1.9 million more Americans filed for unemployment, bringing pandemic total to over 42 million

New jobless claims have been in the millions each week since mid-March.

Another 1.9 million Americans filed for unemployment insurance last week, the Department of Labor said Thursday.

The coronavirus pandemic has pushed unemployment in the U.S. to its highest rate since the Great Depression. Approximately 42 million U.S. workers have filed jobless claims since mid-March.

New jobless claims have leveled off slightly after peaking at nearly 7 million in the last week of March. This is the first time in 10 weeks that new claims have dropped below 2 million.

Still, for the past 11 weeks, the number of people who have lost their jobs and filed for unemployment insurance have been in the millions.

"Even as states reopen, claims in the millions are an indicator that the economic pain of the COVID-19 crisis is still acute," Glassdoor senior economist Daniel Zhao said in a commentary Thursday morning.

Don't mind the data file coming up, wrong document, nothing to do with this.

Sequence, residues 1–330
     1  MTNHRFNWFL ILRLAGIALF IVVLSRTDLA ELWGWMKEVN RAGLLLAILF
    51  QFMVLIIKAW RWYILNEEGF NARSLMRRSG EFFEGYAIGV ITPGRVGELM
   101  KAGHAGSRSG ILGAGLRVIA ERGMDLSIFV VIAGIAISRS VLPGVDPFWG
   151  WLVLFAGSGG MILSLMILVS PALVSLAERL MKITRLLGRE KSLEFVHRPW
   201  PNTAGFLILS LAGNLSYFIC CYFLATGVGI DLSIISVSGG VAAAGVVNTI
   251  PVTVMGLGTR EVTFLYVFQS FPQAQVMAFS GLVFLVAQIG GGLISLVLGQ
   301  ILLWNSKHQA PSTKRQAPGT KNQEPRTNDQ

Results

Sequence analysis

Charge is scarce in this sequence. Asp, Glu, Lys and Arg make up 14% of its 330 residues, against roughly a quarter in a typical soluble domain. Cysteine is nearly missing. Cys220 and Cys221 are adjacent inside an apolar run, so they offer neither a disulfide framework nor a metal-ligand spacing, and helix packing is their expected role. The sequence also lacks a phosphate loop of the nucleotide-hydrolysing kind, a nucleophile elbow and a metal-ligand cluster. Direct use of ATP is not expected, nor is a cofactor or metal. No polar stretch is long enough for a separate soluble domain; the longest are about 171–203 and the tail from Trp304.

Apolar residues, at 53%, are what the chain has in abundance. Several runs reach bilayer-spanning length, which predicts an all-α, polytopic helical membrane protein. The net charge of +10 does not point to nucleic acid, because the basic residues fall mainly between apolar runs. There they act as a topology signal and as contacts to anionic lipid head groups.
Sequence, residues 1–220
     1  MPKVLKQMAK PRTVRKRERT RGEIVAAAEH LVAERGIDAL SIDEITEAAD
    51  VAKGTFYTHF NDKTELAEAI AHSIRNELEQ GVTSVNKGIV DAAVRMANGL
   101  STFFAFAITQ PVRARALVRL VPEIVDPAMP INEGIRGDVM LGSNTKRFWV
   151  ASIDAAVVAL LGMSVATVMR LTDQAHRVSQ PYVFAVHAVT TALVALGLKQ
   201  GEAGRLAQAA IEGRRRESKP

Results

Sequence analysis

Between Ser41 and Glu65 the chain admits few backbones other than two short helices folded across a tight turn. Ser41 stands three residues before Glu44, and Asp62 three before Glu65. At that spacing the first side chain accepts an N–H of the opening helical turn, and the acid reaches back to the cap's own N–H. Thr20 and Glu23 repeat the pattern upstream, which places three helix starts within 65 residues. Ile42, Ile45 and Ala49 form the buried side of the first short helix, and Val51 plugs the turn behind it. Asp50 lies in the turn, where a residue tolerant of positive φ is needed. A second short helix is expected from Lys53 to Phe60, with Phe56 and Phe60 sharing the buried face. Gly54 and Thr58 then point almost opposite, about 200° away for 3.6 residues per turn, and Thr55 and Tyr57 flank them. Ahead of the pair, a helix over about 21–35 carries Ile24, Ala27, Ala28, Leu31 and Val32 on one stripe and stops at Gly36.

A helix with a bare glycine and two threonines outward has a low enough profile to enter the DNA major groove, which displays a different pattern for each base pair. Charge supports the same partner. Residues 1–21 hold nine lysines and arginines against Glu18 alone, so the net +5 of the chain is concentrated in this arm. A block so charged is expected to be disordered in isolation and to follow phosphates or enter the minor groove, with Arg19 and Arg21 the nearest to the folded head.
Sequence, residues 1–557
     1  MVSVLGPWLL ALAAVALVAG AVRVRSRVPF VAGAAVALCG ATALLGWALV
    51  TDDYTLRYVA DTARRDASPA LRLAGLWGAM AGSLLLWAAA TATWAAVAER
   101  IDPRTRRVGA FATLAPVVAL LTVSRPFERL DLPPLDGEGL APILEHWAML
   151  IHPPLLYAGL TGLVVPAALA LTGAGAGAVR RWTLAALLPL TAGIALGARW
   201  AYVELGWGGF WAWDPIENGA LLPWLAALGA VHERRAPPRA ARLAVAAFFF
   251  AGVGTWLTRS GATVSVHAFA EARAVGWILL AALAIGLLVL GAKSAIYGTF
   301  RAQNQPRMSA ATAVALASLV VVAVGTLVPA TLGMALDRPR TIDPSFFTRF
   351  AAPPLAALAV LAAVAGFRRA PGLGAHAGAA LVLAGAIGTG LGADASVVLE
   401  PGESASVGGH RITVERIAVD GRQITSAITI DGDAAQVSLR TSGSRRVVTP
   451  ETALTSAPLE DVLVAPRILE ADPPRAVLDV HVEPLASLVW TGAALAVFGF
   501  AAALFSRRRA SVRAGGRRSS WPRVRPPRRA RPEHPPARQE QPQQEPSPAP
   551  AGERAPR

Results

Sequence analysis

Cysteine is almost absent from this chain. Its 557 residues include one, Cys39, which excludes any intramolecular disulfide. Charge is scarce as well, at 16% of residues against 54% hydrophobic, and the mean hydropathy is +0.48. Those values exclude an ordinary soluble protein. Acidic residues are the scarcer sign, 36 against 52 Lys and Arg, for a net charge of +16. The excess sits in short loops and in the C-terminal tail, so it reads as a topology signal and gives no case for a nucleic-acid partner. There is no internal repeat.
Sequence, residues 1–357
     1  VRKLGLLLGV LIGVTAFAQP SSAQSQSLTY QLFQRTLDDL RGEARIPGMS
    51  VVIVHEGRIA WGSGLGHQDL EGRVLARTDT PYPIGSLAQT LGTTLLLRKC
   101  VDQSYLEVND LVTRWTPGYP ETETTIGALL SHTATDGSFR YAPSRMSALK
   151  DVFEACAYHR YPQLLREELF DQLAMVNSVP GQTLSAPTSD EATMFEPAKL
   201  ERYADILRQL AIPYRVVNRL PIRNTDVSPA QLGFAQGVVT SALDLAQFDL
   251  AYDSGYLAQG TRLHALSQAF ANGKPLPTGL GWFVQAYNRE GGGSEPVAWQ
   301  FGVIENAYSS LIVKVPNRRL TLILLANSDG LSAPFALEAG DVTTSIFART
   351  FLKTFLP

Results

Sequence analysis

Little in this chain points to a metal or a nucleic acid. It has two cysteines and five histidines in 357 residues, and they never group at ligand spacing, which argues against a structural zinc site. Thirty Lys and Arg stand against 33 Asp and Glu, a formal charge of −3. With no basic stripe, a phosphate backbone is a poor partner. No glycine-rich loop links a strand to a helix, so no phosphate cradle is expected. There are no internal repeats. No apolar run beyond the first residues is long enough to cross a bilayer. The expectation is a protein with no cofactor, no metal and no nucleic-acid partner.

The initial unemployment claims data comes as economists are bracing for a May jobs report that will be released on Friday and is expected to show the further devastation of the pandemic on the U.S. labor market.

"The steady drumbeat of UI claims in May is likely enough to push the unemployment rate in Friday’s jobs report into the high teens, if not over 20 percent," Zhao said. "But there is growing disagreement among economists about whether May will represent the worst of the crisis for the job market."

"While UI claims have acted as a useful real-time indicator thus far, we may soon enter a phase where UI claims understate the health of the labor market as claims remain elevated but hiring picks up," he added.

Meanwhile, as the coronavirus-induced unemployment crisis wages on, protests over the killing of George Floyd have erupted throughout the U.S. Some economists say the economic inequality may have fueled some of the social unrest.

"The worst social unrest in the U.S. in decades was not exclusively ignited by economic inequality, but it provided fuel for the fire," Mark Hamrick, a senior economic analyst for Bankrate, said in a statement Thursday.

He went on, "As the COVID-19 economic crisis has mushroomed, blacks, hispanics, women and teenagers have been hit with the highest rates of unemployment."